GlaxoSmithKline has a cure for the “bubble boy” affliction, an ailment that attacks people’s immune systems. The price tag? $634,000. (Ibid, pg. 22.) Spark Therapeutics, Inc. has a gene therapy to cure a rare form of childhood blindness. What is the value of gaining one’s eyesight? That is the question we face in the future. As one pharmaceutical executive said, “We don’t want to have the world’s most expensive therapy that nobody ever uses.” (Ibid, pg. 22.)
When people read about the high price of cures, they think “price gouging.” We’ve had plenty of examples to support that sentiment, like the recent scandal over the cost of the EpiPen. (Click) But consider. As big pharma moves from treatments to cures, what is fair compensation? Is it reasonable to suppose companies will pursue innovations that will put them out of business or deny them sufficient funds to pursue ongoing research?
Europe, with its single-payer healthcare system, has one answer, “value-based pricing.” (Click) For third world countries, where governments are impoverished or unstable, non-profits like the Bill and Melinda Gates Foundation, guarantee manufacturers a minimum purchase of the drugs to be developed. Other means of compensation are under discussion. Solutions vary with political and financial circumstances.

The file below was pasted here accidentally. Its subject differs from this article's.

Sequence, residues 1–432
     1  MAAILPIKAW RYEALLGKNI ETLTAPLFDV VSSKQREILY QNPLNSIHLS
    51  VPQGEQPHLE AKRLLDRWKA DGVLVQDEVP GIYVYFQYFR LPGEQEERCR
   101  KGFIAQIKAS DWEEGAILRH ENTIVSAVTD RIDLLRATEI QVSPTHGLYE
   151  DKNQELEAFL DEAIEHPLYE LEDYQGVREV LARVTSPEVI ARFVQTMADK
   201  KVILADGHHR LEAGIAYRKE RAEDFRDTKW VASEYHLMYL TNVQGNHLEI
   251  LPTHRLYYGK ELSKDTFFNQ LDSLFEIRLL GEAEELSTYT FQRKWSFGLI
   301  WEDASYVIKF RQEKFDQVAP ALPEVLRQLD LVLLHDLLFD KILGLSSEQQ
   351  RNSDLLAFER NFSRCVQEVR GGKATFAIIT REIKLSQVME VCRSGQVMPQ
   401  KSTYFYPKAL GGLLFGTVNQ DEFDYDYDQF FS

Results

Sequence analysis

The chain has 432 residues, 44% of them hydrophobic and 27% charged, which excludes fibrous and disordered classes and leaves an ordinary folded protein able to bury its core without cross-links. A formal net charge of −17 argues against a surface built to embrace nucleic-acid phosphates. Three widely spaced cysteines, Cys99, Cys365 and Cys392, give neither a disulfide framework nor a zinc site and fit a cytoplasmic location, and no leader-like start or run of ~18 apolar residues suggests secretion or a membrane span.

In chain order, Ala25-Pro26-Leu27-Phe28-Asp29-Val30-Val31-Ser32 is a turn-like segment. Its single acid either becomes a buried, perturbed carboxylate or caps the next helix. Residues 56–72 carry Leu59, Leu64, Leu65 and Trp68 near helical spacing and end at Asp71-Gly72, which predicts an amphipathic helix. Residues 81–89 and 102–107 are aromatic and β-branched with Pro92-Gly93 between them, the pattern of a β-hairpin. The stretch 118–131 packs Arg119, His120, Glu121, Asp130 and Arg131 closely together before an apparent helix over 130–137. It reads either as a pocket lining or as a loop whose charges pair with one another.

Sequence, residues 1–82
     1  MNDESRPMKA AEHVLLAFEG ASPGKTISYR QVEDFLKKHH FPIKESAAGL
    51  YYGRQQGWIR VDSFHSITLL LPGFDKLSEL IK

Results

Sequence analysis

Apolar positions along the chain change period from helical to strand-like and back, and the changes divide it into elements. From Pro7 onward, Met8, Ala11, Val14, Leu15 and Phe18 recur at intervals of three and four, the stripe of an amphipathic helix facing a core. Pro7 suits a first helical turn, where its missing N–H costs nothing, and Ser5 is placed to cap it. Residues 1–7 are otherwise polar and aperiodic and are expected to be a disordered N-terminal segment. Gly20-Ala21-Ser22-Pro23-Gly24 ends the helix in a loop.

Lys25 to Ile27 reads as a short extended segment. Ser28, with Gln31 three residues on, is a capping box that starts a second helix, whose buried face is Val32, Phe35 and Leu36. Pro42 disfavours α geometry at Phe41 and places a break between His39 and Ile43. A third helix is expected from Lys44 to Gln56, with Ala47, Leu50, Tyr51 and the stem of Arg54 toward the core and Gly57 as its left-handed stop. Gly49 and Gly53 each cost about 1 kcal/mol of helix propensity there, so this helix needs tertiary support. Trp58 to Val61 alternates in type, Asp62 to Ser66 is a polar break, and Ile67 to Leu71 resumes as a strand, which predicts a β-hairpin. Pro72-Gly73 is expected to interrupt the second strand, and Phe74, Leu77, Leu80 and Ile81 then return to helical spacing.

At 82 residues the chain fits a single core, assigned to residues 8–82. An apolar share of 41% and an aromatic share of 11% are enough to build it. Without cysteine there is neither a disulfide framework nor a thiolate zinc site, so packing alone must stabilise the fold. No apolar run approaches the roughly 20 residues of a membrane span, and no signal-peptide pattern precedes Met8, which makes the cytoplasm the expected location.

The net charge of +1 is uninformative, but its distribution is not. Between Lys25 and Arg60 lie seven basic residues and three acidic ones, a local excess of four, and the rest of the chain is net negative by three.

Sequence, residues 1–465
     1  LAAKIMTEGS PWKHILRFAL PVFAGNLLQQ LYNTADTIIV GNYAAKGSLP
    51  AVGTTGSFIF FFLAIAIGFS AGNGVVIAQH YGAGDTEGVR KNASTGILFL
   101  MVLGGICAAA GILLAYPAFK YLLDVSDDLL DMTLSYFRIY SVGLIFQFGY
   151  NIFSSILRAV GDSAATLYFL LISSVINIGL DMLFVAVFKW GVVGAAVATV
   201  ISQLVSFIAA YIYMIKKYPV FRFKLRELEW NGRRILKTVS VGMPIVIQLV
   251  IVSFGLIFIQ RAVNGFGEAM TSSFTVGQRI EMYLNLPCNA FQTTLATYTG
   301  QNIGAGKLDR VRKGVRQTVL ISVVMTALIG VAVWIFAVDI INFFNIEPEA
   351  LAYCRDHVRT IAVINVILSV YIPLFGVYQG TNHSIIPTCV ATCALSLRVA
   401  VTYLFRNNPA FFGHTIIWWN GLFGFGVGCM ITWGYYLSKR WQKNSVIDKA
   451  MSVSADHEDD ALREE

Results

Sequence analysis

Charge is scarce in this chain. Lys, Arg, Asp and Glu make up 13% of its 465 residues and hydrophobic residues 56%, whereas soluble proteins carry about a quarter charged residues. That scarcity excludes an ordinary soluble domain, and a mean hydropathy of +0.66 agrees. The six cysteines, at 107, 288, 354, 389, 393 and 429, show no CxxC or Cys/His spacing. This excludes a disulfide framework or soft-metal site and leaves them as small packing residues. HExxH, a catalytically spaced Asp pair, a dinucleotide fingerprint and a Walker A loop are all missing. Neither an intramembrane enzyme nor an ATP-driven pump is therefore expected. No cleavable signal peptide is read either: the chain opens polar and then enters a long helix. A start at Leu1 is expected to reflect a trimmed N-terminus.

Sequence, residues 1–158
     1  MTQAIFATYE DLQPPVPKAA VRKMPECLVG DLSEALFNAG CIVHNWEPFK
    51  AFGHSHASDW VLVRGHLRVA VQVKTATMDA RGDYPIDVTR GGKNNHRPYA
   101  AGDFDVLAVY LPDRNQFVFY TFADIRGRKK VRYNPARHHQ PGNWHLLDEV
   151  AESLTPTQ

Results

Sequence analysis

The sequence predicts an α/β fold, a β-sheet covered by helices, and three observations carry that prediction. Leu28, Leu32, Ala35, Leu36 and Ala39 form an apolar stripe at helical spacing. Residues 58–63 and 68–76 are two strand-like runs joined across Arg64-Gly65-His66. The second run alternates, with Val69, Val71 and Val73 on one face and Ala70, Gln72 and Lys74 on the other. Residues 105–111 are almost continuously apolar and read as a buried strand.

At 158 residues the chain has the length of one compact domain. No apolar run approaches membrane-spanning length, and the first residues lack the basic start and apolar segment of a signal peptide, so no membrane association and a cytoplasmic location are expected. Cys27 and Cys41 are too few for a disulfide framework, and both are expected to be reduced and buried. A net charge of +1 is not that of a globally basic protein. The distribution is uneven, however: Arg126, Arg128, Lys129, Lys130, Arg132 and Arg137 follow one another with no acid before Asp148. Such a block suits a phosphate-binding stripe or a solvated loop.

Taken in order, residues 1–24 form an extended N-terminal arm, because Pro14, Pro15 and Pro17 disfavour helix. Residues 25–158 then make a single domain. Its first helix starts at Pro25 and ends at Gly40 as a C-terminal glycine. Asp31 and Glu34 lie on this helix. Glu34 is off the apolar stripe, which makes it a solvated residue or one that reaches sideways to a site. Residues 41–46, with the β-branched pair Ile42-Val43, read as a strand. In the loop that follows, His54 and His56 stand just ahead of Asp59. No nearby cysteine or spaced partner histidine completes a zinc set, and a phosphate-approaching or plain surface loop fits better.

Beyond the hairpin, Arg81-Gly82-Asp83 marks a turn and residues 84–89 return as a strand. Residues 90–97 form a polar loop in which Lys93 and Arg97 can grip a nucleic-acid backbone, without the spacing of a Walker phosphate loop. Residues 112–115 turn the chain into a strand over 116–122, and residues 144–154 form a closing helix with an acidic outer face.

In the United States, consumers have had little say about drug pricing and our government, by law, is barred from negotiating for us. As the rules of the game change, the public needs a new role. First, however, we must accept that profit isn’t an evil concept. No business can afford to produce products that will put them out of business. The idea is a non-starter for big pharma and bad for the public that would benefit from the cures.
(Originally published 4/25/17)